In Maryland, the Comptroller's Office is responsible for collecting income tax from residents within the state and nonresidents who earn income in Maryland. The comptroller must follow the state's tax laws when pursuing delinquencies. Before the comptroller can file a tax lien, however, the Comptroller’s Office must first send delinquent taxpayers a Nonpayment of Personal Income Tax Due notice to pay taxes within 30 days or face collection proceedings.
Penalty and Interest
Taxpayers who receive the initial Nonpayment of Personal Income Tax Due notice must pay the delinquent tax amount, interest assessment and penalty fees. Under Maryland law, the comptroller’s notice is presumed to contain correct information, and taxpayers must file a written appeal to contest the delinquent tax amount. Maryland law requires the comptroller to assess an annual 13 percent interest assessment and up to 25 percent in late fee penalties. After 30 days, the comptroller begins legal collection proceedings against the taxpayer if the taxpayer did not request a hearing and file an appeal.
In addition to filing liens against taxpayer’s personal and real property, the comptroller may levy bank accounts or lien income directly from employers. The comptroller may also send the taxpayer’s delinquent account to outside collection agencies to pursue legal collection efforts on the comptroller’s behalf. The comptroller can also revoke personal licenses or suspend professional licenses for nonpayment.
The comptroller or outside collection agencies can lien a taxpayer’s salary up to a certain amount in order to satisfy the delinquent tax liability. In 2002, the Maryland Assembly passed a new tax bill that changed the salary lien amounts. As of 2011, Maryland allows exemptions from the lien liability up to $145 for each week the taxpayer earned income, up to 75 percent of disposable wage income or up to the total medical insurance payment deductions from the employee’s paychecks. Maryland exempts the larger of the three lien limits as the exempted amount. Thus, the limit collection agents may lien is the tax liability amount minus the exemption. A few counties in Maryland provide a different formula for the lien exemption.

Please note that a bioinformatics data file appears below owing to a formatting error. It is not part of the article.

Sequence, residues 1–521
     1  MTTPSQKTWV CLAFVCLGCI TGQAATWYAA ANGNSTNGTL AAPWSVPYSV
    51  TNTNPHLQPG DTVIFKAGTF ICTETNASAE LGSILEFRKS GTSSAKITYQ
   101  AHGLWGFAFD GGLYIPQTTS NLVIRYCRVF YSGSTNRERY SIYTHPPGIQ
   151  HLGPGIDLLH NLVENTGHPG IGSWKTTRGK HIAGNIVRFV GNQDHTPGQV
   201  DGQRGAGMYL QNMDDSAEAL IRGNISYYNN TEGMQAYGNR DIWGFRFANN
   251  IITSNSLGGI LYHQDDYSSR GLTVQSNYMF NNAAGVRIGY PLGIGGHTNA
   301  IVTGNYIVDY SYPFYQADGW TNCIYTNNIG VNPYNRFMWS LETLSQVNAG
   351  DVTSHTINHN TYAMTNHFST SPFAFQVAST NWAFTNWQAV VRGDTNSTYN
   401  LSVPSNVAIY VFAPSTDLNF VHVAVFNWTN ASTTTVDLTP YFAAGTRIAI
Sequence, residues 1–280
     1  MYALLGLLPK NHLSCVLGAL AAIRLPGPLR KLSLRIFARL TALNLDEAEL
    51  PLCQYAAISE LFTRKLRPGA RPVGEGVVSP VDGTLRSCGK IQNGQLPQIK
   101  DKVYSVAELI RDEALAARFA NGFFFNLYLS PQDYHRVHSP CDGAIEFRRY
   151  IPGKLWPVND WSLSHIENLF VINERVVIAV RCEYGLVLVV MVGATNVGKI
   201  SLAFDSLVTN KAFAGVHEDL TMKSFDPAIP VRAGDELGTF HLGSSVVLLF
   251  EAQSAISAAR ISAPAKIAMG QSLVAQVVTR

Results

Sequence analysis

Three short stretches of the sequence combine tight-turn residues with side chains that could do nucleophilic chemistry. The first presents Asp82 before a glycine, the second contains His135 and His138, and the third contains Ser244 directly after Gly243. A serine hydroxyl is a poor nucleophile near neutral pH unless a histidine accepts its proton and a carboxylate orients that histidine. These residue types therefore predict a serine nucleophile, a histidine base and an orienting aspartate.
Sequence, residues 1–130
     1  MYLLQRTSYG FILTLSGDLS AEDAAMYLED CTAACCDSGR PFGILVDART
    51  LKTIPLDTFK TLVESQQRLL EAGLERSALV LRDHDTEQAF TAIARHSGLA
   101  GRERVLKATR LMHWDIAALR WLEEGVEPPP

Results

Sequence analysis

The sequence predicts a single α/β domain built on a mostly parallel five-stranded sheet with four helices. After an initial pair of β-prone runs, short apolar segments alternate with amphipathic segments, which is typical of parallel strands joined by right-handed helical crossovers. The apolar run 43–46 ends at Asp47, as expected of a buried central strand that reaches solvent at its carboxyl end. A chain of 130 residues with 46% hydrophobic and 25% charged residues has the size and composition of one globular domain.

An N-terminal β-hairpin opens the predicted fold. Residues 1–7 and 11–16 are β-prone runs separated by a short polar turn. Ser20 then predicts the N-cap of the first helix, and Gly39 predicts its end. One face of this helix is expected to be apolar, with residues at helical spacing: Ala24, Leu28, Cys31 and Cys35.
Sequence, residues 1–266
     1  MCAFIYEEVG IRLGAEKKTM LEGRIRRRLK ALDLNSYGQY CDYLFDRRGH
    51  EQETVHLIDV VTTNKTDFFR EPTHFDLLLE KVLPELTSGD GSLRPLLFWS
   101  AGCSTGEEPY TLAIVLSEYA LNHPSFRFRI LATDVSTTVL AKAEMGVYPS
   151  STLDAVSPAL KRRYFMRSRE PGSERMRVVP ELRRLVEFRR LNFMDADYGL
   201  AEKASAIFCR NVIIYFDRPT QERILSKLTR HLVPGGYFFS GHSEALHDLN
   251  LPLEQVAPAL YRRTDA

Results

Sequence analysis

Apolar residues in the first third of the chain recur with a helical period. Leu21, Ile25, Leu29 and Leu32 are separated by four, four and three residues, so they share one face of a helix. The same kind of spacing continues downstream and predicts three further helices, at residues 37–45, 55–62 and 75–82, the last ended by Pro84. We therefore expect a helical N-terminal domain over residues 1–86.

The Maryland Comptroller’s Office files a tax lien in the circuit court of the county the taxpayer lives. The office sends a notification to all of the taxpayer’s creditors notifying them of lien priority. Under Maryland law, the lien simply provides notice to other credits of the state’s interest and priority of the lien. After filing the lien, the comptroller can seek payment of the tax debt through levying bank accounts, filing wage liens, seizing equipment or real property and using the federal offset program.
Since tax laws can frequently change, you should not use this information as a substitute for legal or tax advice. Seek advice through a certified accountant or tax attorney licensed to practice law in your jurisdiction.
Jill Stimson has worked in various property management positions in Maryland and Delaware. Stimson worked for the top three property management companies in the commercial industry and focuses her career on property building logistics and tenant relationships. She holds a Juris Doctor and a Bachelor of Science in psychology.